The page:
Pest (pronounced “pesht”) is the nerve center of Budapest. It is both contemporary and old world at the same time. There are many curiosities about this unique city…trams that go both ways on the same track, currency with an exchange rate of 183.84 to the dollar (figure THAT out when you’re debating a purchase), words that look like art, three street signs for each street, public baths filled with medicinal water from underground springs, fashions that will never be seen on a runway…
I enjoyed my first lunch sitting at a table outside in the warm breeze, soaking in the character of daily life in Budapest. With no hope of reading the menu, I ordered what the locals were eating…a meal that turned out to be breaded, fried brie, rice, and cranberry sauce. Sounds weird, I know, but I can tell you it was good at the time.
This is what the street signs looked like on the sides of buildings. When I first saw them, I was determined to decipher the significance of the 3 signs and many symbols. I left Hungary without ever finding out the answer.
The thermal baths of Budapest are a spectacle of fanciful architecture surrounding pools filled with healing waters that people travel for miles to soak in.
The subways here have beautiful old red and white tile, and inside the subway cars are real leather straps. I hate to use the word “quaint” but if the shoe fits…
Let me stop here to give you a word of advice. If you ever go to Budapest, you will read in all the guidebooks and online information that you should immediately purchase a “Budapest card.” The sign was the first thing I saw upon coming through customs, so, thinking I was very clever to get it right away, I went to the window and handed over approximately (exchange rate still a mystery) $50 for the magical card that would get me into all museums and attractions free, and allow me to ride public transport without a ticket.
The truth of the matter is, no one ever checks for your tickets on the trams, and not one museum, church, or attraction, accepted the Budapest card for admission. It was at first frustrating, but soon just became hilarious as I held out the card at each location, waiting for the inevitable head shake, “no.”
The fashions of Budapest have little to be desired…then again, maybe they are just ahead of their time…? (Though I can’t imagine anyone that would look good in these shorts.)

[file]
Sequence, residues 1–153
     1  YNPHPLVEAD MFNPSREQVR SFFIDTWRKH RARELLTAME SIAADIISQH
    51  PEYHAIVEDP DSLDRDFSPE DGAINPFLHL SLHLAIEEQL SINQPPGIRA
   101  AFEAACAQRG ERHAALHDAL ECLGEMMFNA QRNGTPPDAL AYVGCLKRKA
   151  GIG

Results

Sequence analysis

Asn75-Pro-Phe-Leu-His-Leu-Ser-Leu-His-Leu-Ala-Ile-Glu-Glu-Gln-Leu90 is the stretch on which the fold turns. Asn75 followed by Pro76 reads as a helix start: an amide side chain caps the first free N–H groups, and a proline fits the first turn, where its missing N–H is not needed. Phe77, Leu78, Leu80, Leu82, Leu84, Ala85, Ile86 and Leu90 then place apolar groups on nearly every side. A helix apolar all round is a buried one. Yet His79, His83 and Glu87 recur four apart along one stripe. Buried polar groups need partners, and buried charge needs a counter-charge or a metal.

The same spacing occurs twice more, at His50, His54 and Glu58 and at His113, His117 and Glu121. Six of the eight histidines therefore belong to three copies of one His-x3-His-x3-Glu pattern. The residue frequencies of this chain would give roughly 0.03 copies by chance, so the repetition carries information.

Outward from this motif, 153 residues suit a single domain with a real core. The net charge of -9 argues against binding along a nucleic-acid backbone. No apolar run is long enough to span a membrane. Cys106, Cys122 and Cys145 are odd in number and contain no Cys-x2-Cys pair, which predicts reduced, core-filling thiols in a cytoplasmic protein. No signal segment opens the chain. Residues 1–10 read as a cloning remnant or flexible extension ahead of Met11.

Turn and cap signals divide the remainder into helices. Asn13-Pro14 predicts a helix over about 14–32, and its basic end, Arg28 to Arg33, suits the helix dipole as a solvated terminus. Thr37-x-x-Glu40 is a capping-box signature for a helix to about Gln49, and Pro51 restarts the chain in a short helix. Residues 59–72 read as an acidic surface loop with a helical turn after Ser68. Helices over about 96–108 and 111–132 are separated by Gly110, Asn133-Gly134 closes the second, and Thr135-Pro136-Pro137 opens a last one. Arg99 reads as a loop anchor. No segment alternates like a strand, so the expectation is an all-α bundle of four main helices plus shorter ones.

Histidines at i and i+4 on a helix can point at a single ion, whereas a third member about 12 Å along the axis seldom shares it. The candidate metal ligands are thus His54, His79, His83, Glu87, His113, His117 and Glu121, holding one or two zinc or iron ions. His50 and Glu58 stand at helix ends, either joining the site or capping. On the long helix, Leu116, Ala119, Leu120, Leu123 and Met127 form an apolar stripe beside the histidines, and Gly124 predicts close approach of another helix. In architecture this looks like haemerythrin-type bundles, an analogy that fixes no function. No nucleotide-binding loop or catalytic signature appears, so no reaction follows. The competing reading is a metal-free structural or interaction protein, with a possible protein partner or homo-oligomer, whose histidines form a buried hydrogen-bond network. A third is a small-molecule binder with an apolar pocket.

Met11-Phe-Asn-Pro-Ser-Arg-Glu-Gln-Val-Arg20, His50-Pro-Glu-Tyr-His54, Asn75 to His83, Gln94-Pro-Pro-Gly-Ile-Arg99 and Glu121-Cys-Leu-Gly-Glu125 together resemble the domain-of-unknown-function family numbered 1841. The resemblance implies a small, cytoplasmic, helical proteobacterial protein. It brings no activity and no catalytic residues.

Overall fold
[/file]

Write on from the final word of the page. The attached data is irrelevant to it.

As always in a new place, I am intrigued by the details…a shuttered window, a delicate yellow railing winding through the park, an ancient door, fleur de lis on a flight of stairs, a bright red mailbox, stairways in hidden courtyards…
Café Vian has the best paprikáscsirke (a traditional Hungarian dish of chicken, onions, paprika, and a sour cream sauce, served with potato dumplings) but what I will remember most about it is the obsessive-compulsive waiter that couldn’t stop himself from lining up the salt and pepper, straightening the placemats, and rearranging the ashtrays as he took orders.
The café sits among others in the beautiful Liszt Ferenc tér, a leafy square where composer, Franz Liszt, once lived. His house sits at the end of the square, and a little girl danced around his dramatic statue.
In the Városliget, or City Park, there is a small lake where there was a contemporary art installation called, oddly in English, “Art on the Lake.” In the lake were sculptures created by artists from all over Europe, and a floating platform filled with colorful bean bag chairs for lounging. The Vajahunyad castle sits behind the modern sculptures, making for a quirky scene of juxaposition.
Across town is the magnificent Gresham Palace, a stunning example of 19th century Art Nouveau design. It is now a Four Seasons hotel, with a first-rate restaurant serving updated versions of traditional Hungarian food.
Art Nouveau design from the 19th century can be found all over the city, often unexpectedly, like this lamp post in front of a modern office building.
The old and new of Pest sometimes clash abruptly, and other times appear to be perfectly normal in this captivating town that is evolving and moving forward at the same time that it is anchored in history on the banks of the Danube.
This is not the last you’ll hear from me of Budapest…stay tuned for more colorful characters and remarkable sights.